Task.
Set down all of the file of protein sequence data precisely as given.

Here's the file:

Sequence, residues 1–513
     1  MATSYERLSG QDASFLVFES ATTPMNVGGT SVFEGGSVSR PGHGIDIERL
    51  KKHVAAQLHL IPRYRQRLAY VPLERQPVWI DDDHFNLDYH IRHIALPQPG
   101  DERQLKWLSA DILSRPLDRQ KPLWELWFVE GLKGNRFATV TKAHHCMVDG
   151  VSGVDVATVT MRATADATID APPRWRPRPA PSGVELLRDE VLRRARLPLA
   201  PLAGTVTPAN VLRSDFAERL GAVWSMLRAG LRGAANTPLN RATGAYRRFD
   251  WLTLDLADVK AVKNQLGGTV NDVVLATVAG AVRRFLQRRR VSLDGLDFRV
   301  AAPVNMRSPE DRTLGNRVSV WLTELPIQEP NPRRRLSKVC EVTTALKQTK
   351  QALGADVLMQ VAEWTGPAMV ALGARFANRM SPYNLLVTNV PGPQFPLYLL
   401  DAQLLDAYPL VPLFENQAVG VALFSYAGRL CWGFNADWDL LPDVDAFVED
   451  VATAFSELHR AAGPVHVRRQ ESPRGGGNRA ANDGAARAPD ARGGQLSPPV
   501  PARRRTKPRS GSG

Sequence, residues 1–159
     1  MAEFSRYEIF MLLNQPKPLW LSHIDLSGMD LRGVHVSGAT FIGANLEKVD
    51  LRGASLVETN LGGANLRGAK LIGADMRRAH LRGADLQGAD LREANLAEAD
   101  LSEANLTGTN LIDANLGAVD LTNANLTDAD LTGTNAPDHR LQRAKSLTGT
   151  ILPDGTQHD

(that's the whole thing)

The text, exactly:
Sequence, residues 1–513
     1  MATSYERLSG QDASFLVFES ATTPMNVGGT SVFEGGSVSR PGHGIDIERL
    51  KKHVAAQLHL IPRYRQRLAY VPLERQPVWI DDDHFNLDYH IRHIALPQPG
   101  DERQLKWLSA DILSRPLDRQ KPLWELWFVE GLKGNRFATV TKAHHCMVDG
   151  VSGVDVATVT MRATADATID APPRWRPRPA PSGVELLRDE VLRRARLPLA
   201  PLAGTVTPAN VLRSDFAERL GAVWSMLRAG LRGAANTPLN RATGAYRRFD
   251  WLTLDLADVK AVKNQLGGTV NDVVLATVAG AVRRFLQRRR VSLDGLDFRV
   301  AAPVNMRSPE DRTLGNRVSV WLTELPIQEP NPRRRLSKVC EVTTALKQTK
   351  QALGADVLMQ VAEWTGPAMV ALGARFANRM SPYNLLVTNV PGPQFPLYLL
   401  DAQLLDAYPL VPLFENQAVG VALFSYAGRL CWGFNADWDL LPDVDAFVED
   451  VATAFSELHR AAGPVHVRRQ ESPRGGGNRA ANDGAARAPD ARGGQLSPPV
   501  PARRRTKPRS GSG

Sequence, residues 1–159
     1  MAEFSRYEIF MLLNQPKPLW LSHIDLSGMD LRGVHVSGAT FIGANLEKVD
    51  LRGASLVETN LGGANLRGAK LIGADMRRAH LRGADLQGAD LREANLAEAD
   101  LSEANLTGTN LIDANLGAVD LTNANLTDAD LTGTNAPDHR LQRAKSLTGT
   151  ILPDGTQHD